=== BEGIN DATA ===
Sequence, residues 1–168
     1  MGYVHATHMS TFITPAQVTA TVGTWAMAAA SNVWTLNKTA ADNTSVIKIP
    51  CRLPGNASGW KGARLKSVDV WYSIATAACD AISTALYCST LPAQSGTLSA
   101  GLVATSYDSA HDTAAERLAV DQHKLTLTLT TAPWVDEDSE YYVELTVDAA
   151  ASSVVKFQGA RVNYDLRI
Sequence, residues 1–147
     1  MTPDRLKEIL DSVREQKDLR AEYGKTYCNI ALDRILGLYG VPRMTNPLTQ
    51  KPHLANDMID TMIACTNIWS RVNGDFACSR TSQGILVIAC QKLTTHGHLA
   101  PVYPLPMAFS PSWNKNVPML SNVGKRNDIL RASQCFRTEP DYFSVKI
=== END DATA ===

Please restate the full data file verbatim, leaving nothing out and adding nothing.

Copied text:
Sequence, residues 1–168
     1  MGYVHATHMS TFITPAQVTA TVGTWAMAAA SNVWTLNKTA ADNTSVIKIP
    51  CRLPGNASGW KGARLKSVDV WYSIATAACD AISTALYCST LPAQSGTLSA
   101  GLVATSYDSA HDTAAERLAV DQHKLTLTLT TAPWVDEDSE YYVELTVDAA
   151  ASSVVKFQGA RVNYDLRI
Sequence, residues 1–147
     1  MTPDRLKEIL DSVREQKDLR AEYGKTYCNI ALDRILGLYG VPRMTNPLTQ
    51  KPHLANDMID TMIACTNIWS RVNGDFACSR TSQGILVIAC QKLTTHGHLA
   101  PVYPLPMAFS PSWNKNVPML SNVGKRNDIL RASQCFRTEP DYFSVKI